COMPASS seeks to recruit an engaging new Executive Director to lead the enterprise in empowering scientists to engage in the public discourse about the environment.
In her 1997 AAAS Presidential address, Dr. Jane Lubchenco laid out a “new social contract for science”. Recognizing the unprecedented environmental and social changes on our planet, she called for scientists to be more effective at sharing new and existing knowledge to decision-makers and the public. In 1999, motivated by this call for action, COMPASS was founded to support scientists in their efforts to communicate. The organization provides strategic and practical support for scientists to engage without compromising the accuracy and credibility of their science.
In the early days, COMPASS focused on supporting ocean scientists, helping elevate their understanding about topics like marine protected areas and the decline of marine fisheries. Since then the organization has continued to evolve, pioneering new ways to help scientists engage with the wider world. COMPASS has expanded its scope beyond oceans, to work on a variety of topics about people and the environment such as water, wildfire, ecosystem services, and climate adaptation, while constantly expanding its networks.
COMPASS works to empower scientists to help frame and advance their engagement in critical conservation policy issues and to support scientists in thinking with an ecosystem-based mindset. The COMPASS team has trained thousands of scientists to be strong and relevant communicators, ready to engage with multiple audiences. COMPASS has supported scientists studying topics like fisheries, ocean acidification and ecosystem based management, to help get issues on the public agenda, by training scientists to communicate complex concepts in relevant and accessible (yet still accurate) ways and connecting scientists to agenda setting media. COMPASS hosts journalist fellowships for scientific societies so journalists can attend scientific conferences to meet scientists and learn about emerging science. The COMPASS team has supported scientists to meet with key policy actors across federal and state governments from agencies, the White House, and Congressional and state legislative offices. These engagements, ranging from ecosystem services to wildfire to water sustainability, have led to framing and advancing new approaches to policies and practices. COMPASS does not advocate or work towards specific policy outcomes. The organization believes that when scientific knowledge and insights are at the table, emerging solutions will be more robust and benefit both for people and the ecosystems that serve them.
In the past year, the Board and staff have been reviewing the way COMPASS has expanded its work to reach a widening network of policy makers at the state and federal level, while continuing to broker relationships between scientists and journalists in a changing media landscape.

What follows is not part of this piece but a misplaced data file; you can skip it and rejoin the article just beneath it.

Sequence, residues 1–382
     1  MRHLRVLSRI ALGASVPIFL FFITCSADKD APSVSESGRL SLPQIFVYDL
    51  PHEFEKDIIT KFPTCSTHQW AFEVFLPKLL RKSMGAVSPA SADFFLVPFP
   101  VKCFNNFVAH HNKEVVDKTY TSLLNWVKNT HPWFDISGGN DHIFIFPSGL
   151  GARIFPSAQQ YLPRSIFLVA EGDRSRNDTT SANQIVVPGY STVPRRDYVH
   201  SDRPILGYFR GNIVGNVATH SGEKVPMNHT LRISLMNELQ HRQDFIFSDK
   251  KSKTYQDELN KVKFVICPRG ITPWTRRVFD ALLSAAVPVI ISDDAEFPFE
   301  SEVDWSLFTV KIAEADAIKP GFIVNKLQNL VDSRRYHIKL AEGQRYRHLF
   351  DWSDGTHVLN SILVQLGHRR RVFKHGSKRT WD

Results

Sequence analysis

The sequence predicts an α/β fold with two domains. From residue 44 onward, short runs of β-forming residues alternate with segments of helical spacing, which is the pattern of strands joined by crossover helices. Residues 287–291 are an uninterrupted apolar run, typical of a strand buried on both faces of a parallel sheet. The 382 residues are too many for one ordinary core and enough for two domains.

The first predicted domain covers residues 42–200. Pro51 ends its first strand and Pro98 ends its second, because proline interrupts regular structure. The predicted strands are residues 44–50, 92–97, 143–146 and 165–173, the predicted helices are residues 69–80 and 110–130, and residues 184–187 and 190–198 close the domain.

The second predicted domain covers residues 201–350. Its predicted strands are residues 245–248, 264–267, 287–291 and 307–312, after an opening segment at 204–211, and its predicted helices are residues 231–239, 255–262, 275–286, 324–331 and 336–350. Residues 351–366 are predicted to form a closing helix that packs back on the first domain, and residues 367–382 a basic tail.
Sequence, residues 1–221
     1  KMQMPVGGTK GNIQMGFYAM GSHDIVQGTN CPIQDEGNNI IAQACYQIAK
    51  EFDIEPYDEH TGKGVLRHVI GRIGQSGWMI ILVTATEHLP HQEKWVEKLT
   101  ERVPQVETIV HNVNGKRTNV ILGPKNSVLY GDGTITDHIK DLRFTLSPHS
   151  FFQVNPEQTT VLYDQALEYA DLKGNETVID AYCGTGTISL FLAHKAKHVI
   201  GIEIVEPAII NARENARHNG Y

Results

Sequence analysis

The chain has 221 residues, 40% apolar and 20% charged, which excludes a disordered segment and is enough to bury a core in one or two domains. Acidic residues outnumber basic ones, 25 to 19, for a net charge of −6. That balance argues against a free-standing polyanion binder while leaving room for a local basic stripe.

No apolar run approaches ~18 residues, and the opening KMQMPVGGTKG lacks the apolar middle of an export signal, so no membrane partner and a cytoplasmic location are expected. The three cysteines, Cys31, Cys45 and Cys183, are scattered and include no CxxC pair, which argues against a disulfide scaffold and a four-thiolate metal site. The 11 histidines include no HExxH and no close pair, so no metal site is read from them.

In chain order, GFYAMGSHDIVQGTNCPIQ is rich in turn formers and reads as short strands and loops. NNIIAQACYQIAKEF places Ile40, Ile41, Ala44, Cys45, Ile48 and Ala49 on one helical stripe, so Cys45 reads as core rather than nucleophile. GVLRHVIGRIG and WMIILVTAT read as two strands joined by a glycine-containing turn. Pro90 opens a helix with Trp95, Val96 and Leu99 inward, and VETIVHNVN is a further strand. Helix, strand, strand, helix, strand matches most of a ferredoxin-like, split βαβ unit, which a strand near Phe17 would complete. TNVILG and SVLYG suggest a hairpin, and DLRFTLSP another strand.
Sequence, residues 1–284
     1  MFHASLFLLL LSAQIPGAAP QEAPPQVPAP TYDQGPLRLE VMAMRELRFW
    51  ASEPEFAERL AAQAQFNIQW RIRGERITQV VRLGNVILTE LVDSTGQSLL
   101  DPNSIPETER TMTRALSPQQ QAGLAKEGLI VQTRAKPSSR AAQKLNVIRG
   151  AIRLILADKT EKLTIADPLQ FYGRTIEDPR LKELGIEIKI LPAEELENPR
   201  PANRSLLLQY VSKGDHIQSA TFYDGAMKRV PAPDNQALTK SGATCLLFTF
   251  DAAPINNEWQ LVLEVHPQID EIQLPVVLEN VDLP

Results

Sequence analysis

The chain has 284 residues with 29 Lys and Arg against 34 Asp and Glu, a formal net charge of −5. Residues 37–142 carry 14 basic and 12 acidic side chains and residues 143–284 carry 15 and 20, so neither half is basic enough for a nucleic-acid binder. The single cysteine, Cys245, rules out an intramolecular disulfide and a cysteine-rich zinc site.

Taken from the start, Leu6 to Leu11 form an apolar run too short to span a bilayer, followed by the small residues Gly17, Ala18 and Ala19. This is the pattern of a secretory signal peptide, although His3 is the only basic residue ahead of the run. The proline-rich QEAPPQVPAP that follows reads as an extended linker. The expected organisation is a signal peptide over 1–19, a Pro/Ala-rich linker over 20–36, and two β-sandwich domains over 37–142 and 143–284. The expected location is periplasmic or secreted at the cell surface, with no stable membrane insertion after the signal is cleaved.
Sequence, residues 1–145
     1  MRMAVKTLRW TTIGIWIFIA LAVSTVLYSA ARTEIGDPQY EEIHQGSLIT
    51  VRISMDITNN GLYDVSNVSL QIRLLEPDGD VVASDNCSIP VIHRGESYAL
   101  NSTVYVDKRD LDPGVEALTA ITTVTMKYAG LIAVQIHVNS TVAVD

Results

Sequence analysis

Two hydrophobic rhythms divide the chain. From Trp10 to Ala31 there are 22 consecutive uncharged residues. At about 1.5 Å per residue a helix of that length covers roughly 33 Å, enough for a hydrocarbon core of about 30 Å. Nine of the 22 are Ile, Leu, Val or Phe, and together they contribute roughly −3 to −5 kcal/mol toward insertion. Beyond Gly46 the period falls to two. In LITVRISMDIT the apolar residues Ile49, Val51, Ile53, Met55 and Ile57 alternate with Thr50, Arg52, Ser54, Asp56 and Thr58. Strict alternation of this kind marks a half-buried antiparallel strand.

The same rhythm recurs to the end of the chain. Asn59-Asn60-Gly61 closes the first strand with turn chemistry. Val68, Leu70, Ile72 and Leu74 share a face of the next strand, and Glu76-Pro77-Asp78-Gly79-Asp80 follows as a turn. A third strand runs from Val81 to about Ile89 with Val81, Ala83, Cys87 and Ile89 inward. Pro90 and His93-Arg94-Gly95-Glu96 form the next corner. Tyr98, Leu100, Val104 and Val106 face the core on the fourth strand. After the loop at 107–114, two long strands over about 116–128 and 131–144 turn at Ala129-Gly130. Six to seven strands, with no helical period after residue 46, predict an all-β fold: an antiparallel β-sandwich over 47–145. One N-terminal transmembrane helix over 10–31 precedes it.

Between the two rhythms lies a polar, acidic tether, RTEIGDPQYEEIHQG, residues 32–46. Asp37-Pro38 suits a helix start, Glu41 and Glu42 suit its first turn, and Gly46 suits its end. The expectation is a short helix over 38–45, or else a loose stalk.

COMPASS is a distributed organization with 15 staff located across the country (with two main offices in Washington, D.C. and Portland Oregon). The team consists of field leaders (who have worked as scientists, journalists or policy staff), who have pioneered approaches to support and connect scientists, and who have written seminal pieces (books and articles) about science communication. COMPASS’ annual budget is approximately $2,000,000/year, and continues to grow each year. COMPASS is a 501(c)(3) tax-exempt non-profit.
About the Position
The new Executive Director will be passionate about COMPASS’ mission and align with the organization’s core beliefs and values. These include: a passion for science and its role in helping to shape critical environmental discourse; a devotion to relationship building and bridging disparate conversations and perspectives; open-minded, inclusive and acting in a transparent manner; and a personal ethic based empathy, grace, joy and compassion. The new Executive Director inherits an organization that is thriving and fully engaged in all aspects of it programmatic activities. The new Executive Director will continue to grow the organization’s work around its organizational competencies. Moreover, this individual will be called on to be an innovative and creative force in science communication a wide range of environmental issues, including thinking about the organization’s role in helping to shape the public discourse in a changing media and policy landscape. In other words, the next Executive Director will have the opportunity to continue to establish the organization as strategic thought partner to funders, nonprofit organizations, public sector leaders, corporations and other engaged in addressing environmental issues. The broad goals and responsibilities for the Executive Director include:
Professional Qualifications and Personal Attributes:
The Executive Director will serve as a thought leader, especially about the roles of scientists in society in helping to shape public policy and public opinion. As such, the new Executive Director should ideally possess the following professional qualifications and personal attributes:
Compensation for the Executive Director includes a competitive salary and an excellent package of health and other employee benefits. Ideally, the Executive Director will be located in one of COMPASS’s major hubs, however, the Board is willing to discuss alternative locations that allow the Executive Director to be connected to staff, other networks, and funding prospects.
How to Apply
Interested candidates should submit a resume and cover letter responding specifically to the experience and qualifications being sought to: Daniel Sherman, President, Explore Company at firstname.lastname@example.org. Refer to COMPASS/ED in the subject line. No phone inquiries please.
COMPASS is committed to diversity and
All correspondence will remain confidential.
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